In Defense of the Theotokos by Steven Collison
Mary and the Early Fathers by Deacon Keith Fournier
Mother of God Defeats Early Church Heresy by Monica and George Bonina

Meet Mary: Getting to Know the Mother of God by Mark Miravalle
Mary and the Fathers of the Church by Luigi Gambero
Hail, Holy Queen: The Mother of God in the Word of God
The World’s First Love: Mary, Mother of God by Archbishop Fulton J. Sheen

Mary The Mother of God by Steve Ray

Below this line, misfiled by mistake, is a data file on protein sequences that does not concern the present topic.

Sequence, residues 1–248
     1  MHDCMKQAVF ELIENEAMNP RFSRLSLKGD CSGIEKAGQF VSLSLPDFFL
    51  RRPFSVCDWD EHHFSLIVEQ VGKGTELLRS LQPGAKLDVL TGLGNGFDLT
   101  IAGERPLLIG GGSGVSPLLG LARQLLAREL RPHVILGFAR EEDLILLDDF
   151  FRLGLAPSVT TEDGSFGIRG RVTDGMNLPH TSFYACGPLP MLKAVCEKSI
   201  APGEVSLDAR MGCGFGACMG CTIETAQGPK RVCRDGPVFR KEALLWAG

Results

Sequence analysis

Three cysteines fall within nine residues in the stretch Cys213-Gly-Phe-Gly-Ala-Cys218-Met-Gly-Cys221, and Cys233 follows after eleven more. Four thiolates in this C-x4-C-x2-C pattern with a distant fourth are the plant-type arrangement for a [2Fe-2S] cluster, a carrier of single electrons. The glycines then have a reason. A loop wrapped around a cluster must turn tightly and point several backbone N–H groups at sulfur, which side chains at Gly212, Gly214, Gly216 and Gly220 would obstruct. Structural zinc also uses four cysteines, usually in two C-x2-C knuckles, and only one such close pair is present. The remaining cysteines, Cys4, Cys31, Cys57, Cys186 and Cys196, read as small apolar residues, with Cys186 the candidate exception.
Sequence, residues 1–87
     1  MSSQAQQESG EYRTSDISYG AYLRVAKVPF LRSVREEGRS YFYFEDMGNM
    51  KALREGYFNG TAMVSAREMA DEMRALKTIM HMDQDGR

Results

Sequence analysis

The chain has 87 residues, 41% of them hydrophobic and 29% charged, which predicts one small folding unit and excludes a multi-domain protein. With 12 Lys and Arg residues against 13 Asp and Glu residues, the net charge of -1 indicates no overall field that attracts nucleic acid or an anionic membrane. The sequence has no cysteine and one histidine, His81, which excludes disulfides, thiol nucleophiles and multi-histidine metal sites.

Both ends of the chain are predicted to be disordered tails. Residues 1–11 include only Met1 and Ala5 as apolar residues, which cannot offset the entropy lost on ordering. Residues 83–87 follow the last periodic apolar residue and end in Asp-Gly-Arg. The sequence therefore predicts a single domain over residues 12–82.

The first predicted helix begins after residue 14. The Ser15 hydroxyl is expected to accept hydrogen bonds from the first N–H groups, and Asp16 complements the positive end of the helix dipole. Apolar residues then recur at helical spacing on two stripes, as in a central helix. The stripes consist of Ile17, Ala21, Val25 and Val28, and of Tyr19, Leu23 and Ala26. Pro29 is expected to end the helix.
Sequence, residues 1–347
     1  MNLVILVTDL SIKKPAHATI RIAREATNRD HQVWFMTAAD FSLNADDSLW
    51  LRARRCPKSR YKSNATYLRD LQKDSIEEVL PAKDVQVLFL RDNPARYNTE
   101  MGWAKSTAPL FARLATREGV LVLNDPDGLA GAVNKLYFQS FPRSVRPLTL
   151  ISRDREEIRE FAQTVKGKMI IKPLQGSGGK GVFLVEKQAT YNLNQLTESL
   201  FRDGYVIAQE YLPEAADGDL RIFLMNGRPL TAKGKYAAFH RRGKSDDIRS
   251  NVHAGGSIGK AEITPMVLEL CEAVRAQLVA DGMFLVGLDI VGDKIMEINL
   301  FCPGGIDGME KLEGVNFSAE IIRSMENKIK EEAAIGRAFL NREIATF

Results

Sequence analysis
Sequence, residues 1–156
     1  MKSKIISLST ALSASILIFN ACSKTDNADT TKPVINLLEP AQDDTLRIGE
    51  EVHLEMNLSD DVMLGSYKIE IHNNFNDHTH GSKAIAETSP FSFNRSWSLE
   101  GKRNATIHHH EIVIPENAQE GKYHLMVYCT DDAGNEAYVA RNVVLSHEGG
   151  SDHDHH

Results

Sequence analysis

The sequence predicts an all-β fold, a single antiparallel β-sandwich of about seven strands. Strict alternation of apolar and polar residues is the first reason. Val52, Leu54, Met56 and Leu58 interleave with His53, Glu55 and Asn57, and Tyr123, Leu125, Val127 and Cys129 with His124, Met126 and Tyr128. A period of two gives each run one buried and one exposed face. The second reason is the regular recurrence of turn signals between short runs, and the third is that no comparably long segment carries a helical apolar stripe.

*Dulia is a Greek term meaning the veneration or homage, different in nature and degree from that given to God, that is paid to the saints. It includes, for example, honoring the saints and seeking their intercession with God. Related to dulia is Hyperdulia, the special veneration accorded the Blessed Virgin Mary because of her unique role in the mystery of Redemption, her exceptional gifts of grace from God, and her pre-eminence among the saints. Hyperdulia is not adoration; only God is adored. Such adoration reserved exclusively for God is termed latria, a Greek-rooted Latin term that refers to that form of praise and worship due to God alone.